Applying chemical herbicides demands caution and adherence to the manufacturer’s guidelines on mixing, dosage, and safety measures. Optimal application times are in mild weather when clover is in its active growth phase, typically late spring or early fall. This timing ensures the herbicide is effectively absorbed, enhancing its weed-killing efficacy. Using chemical herbicides necessitates safety precautions, including wearing protective gear to prevent skin and eye exposure. It’s also important to keep children and pets away from treated areas until they’re dry and to avoid herbicide use near water bodies to prevent pollution. Although chemical methods are effective in clover eradication, their environmental impact and risks to non-target species make them a last-resort option, best used in conjunction with other weed management strategies for a healthy, clover-free lawn.

Regular Monitoring and Quick Action

Frequent monitoring of your lawn is key to identifying and addressing clover infestations early. Quick action is crucial; removing clover manually or treating small patches with natural or chemical solutions as soon as they appear can prevent them from spreading.

Lawn Health Improvement

  • Proper Fertilization: Use a balanced fertilizer that suits your lawn’s specific needs, focusing on providing enough nitrogen to support healthy grass growth.
  • Adequate Watering: Water your lawn deeply but infrequently to encourage deep root growth, which makes your lawn more resilient against weeds and drought.
  • Regular Mowing: Mow your lawn at the appropriate height for your grass type, which typically means not cutting off more than one-third of the grass blade at a time. This helps maintain a dense lawn that can outcompete clover and other weeds.


In conclusion, effectively managing clover in your lawn involves a balanced approach that includes understanding the plant’s biology, improving lawn health, employing natural and chemical removal techniques, and maintaining consistent lawn care practices. While clover can bring certain benefits to your lawn, such as nitrogen fixation, its rapid spread and potential to dominate can detract from the aesthetic and uniformity of a grassy landscape. Natural methods like hand weeding, vinegar solutions, and promoting healthy soil can be effective for small infestations and those seeking eco-friendly solutions. For more persistent problems, selective herbicides offer a targeted approach, though they should be used judiciously, considering the environmental impact. Ultimately, a healthy, dense lawn that is well-cared for is the best defense against clover and other weeds. Regular mowing, proper fertilization, and adequate watering create unfavorable conditions for clover, encouraging a lush, vibrant lawn that is both beautiful and sustainable.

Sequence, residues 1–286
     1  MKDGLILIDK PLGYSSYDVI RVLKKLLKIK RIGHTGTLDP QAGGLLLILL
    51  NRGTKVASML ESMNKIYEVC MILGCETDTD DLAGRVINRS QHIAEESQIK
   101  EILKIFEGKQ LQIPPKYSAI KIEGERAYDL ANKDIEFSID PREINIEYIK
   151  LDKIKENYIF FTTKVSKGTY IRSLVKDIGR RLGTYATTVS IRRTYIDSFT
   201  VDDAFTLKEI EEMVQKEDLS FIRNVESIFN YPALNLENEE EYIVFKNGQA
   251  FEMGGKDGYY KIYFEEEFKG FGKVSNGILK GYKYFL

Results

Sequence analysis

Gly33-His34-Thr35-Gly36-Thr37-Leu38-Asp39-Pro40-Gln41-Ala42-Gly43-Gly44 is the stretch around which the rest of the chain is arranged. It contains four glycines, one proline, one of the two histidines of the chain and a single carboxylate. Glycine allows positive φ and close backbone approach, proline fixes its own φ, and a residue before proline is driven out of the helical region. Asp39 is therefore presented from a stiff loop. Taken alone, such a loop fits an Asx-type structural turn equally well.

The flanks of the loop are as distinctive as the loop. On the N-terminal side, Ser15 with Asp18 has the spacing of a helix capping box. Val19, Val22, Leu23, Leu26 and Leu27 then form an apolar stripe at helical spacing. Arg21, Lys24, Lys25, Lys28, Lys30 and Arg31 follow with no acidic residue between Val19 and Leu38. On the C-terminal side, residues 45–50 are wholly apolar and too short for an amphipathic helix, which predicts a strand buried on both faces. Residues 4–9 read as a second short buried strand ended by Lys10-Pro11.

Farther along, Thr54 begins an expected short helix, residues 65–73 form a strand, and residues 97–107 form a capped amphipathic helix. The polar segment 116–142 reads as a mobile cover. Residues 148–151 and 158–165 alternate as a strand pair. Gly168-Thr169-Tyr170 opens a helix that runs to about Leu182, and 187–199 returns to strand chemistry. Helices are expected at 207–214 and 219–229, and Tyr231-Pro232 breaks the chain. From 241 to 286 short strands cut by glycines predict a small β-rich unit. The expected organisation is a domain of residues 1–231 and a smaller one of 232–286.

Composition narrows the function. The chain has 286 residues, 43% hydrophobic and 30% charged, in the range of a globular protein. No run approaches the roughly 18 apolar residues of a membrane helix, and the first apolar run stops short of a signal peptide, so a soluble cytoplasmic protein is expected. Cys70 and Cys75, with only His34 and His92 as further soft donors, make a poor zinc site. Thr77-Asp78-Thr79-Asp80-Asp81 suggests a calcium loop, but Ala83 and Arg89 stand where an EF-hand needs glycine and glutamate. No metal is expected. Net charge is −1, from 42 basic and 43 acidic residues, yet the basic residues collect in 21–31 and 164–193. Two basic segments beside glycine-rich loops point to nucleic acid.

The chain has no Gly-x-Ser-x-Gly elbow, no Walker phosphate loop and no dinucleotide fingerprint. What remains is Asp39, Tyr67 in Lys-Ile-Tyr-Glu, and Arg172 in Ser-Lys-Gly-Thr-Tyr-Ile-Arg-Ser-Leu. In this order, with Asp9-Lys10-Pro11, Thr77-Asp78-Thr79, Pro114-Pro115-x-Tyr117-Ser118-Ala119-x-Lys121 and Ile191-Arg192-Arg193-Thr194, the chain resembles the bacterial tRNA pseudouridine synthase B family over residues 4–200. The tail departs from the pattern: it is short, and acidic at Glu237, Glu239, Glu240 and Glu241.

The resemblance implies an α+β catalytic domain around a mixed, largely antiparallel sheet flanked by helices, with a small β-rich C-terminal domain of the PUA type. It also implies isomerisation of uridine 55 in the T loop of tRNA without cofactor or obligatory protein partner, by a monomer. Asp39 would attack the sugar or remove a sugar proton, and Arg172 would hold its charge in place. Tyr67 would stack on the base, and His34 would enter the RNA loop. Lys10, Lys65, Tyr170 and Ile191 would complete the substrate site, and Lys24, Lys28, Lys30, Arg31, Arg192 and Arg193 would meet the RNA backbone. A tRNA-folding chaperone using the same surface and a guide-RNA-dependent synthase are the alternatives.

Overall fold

1. Can clover be beneficial to my lawn?
    Yes, clover can be beneficial as it fixes nitrogen from the air, enriching the soil naturally, which supports grass growth. It’s also drought-resistant and can stay green, adding to your lawn’s aesthetics during dry spells.
  2. What is the best time of year to treat clover on my lawn?
    The optimal time for treating clover is during its active growth periods, typically in late spring or early fall. This ensures that any treatments, whether natural or chemical, are most effective.
  3. Are there any natural methods to remove clover without harming my lawn?
    Yes, there are several natural methods, including hand weeding, applying a vinegar solution, or using corn gluten meal as a pre-emergent herbicide. These methods can minimize clover without adverse effects on your lawn grass.
  4. How long does it usually take to see results after treating clover?
    The time frame can vary depending on the treatment method. Natural remedies might take longer, several weeks to months, while chemical herbicides can show results within days to a couple of weeks.
  5. Is it necessary to completely remove clover from my lawn?
    Not necessarily. Some homeowners choose to keep clover in their lawns due to its benefits. It’s a personal preference, depending on your lawn care goals and the aesthetic you desire for your outdoor space.

We hope these tips help you tackle clover in your lawn effectively while keeping your grass healthy and vibrant. Have you tried any of these methods, or do you have other tricks to share? Drop a comment below—we’d love to hear about your experiences and learn from each other!

Joel Cunningham
Joel Cunningham
Forestry Author

I'm Joel Cunningham, an expert in pruning and weed management with over a decade of experience. My skills are rooted in formal training and extensive practice, focusing on advanced pruning techniques and efficient weed control. I'm known for my quality work, precision, and deep understanding of plant health and soil dynamics. My contributions extend to educational initiatives where I share sustainable practices and advice, establishing myself as a reliable and authoritative figure in the gardening community.


Thank you for the article on Clover LOL I have been calling it crabgrass for 50yrs .

Daniel Adams
Lucy Hyler
June 19, 2024 3:00 am

Good morning Joel, eould adding lime to the soil once aerated help with a clover infestation. Does leaving the mixed grass in the lawn with clover seeds not create another monster problem? Thanks kindly

Daniel Adams
March 10, 2024 8:09 am

Applying lime to soil post-aeration can aid in addressing clover infestations by optimizing pH levels for grass growth, provided soil tests indicate necessity. To prevent clover spread, avoid grasscycling when clover seeds are mature, resuming once infestation is controlled.

Kristin Watsons
Edward Smith
March 11, 2024 7:17 am